Researchers' efforts bear fruit with Arka sahan custard apple variety
The fruits are sweet, having small seeds and are slow to ripen
MORE YIELD: The trees can produce 40-45 kg of fruits from the eighth year after planting.
CUSTARD APPLE is a promising tree of commercial value grown mostly in dry tracts of India.
The fruits are widely consumed in many parts of the country and the seeds are of insecticidal value.
The oil extracted from the seeds is used as a potent insecticide along with neem formulations. The leaf extract is used to repel honeybees while extracting honey from the beehives.
It is called Sitapazham in Tamil, Sitaphal in Kannada and Telugu, and Sarifa in Hindi. The hardy fruit tree grows well in soils having a good drainage for water.
Heavy soils and waterlogged fields are not suitable for its cultivation. Researchers at the Indian Institute of Horticultural Research (IIHR), Bangalore have developed a new variety of custard apple called Arka Sahan.
The fruits of this variety are sweet, having a few small seeds and are slow to ripen (6-7 days). The pulp is snow-white in colour and juicy with a mild aroma.
Traditionally propagated by seeds, this fruit tree can also be multiplied vegetatively by grafting, according to Dr. S.H. Jalikop, Principal Scientist, Division of Fruit Crops, Indian Institute of Horticultural Research, Bangalore.
Pits of 60 cm x 60 cm size are dug and left open under the sun for a week. They are filled with topsoil mixed with 25-30 kg of well-decomposed farmyard manure. The seedlings should be transplanted 5 m x 5 m apart.
About 400 seedlings are required for planting in a hectare. Watering is done in the initial phase of establishment, and being a drought-tolerant crop, it can remain green and healthy even during protracted dry spells. Irrigating plants at least during flowering and fruit development is essential.
Fruit quality is superior in irrigated plants, with more edible pulp. Plants receiving regular water grow luxuriantly with each bearing. In regions having limited water, pitcher, trickle, or drip irrigation systems, help in judicious use of water.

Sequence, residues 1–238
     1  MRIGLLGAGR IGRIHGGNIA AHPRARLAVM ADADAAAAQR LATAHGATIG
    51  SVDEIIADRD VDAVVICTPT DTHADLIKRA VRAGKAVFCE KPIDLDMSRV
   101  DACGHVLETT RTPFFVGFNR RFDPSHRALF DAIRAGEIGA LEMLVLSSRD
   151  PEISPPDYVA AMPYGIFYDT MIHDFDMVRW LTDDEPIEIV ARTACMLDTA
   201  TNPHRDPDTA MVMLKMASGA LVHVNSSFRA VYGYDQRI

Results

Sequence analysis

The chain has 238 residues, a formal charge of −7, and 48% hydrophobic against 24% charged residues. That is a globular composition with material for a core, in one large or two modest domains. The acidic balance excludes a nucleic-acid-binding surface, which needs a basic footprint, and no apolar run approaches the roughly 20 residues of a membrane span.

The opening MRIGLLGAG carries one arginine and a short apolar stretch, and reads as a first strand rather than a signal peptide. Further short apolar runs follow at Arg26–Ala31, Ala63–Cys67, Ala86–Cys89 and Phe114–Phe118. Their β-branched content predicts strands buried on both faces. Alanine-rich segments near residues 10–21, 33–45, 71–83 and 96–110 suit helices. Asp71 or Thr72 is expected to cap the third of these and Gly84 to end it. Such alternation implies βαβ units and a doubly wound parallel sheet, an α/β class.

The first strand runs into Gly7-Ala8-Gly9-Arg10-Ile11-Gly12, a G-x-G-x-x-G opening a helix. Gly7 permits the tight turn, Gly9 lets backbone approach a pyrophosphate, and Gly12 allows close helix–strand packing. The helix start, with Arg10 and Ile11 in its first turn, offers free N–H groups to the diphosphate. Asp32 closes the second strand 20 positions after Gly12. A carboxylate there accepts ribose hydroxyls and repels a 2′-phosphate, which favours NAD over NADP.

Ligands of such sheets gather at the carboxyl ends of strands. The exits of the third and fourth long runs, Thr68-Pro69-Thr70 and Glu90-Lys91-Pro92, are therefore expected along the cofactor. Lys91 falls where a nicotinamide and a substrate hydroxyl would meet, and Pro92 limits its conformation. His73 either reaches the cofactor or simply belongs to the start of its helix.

Regular watering during dry periods, occasional hand digging of the basins to check weeds, keeping the soil loose, plant protection measures, manuring, removing of sprouts on stock, and building up of a good framework are necessary for aiding good growth of the trees. The crop is free from most pests and diseases. The only pest that attacks this crop is the mealy bug. Spraying suitable botanical insecticides is found effective in controlling it.
The tree starts bearing fruits from the fourth year of planting, and the yield declines gradually after the thirteenth year.
It yields fruits during August to October in south India and during September to November in the northern parts of the country.
Selective and mild pruning of deadwood and very old branches should be carried out as and when required to avoid congestion and encourage well-spaced branching.
"In Arka Sahan as in other custard apple types, a few flowers (of about 1-2 per cent) develop into fruits owing to male and female structures maturing at different times, besides limited insect and wind pollination.
Hence the cropping potentiality will not be realized with only natural pollination. To supplement this, simple artificial hand pollination is recommended, " said Dr. Jalikop
Hand pollination is a simple and fast technique that results not only in good fruit set but also produces big size, attractive uniform shape fruits with no loss in edible attributes. Thus fruit yield can be significantly increased by artificial pollination.
A tree of Arka Sahan can produce 40-45 kg fruits from the eighth year after planting. Hence in each tree about 150 flowers should be hand pollinated to achieve an expected yield of 25 tonnes per hectare.
Fruits developed from hand pollination command a premium price in the market. As Arka Sahan is an inter-specific hybrid it should be propagated by grafting and not by seeds.
On an average, a well nurtured, eight-year-old tree will produce about 100 to 150 fruits, and a total yield of about 7 tonnes can be harvested from a hectare.
The fruits are harvested manually when they are fully mature and still firm. About 5 to 6 pickings will be needed to harvest all fruits during a season. The fruits ripen in about three days after plucking.
The medium sized fruits weigh 250-300 gm with sweet pulp and pleasant aroma and have about 60 to 80 seeds inside them.
For more information readers can contact Dr. S.H. Jalikop, Principal Scientist, Division of Fruit Crops, Indian Institute of Horticultural Research, Hessaraghatta Lake Post, Bangalore 560089, email: email@example.com, mobile: 09449048722
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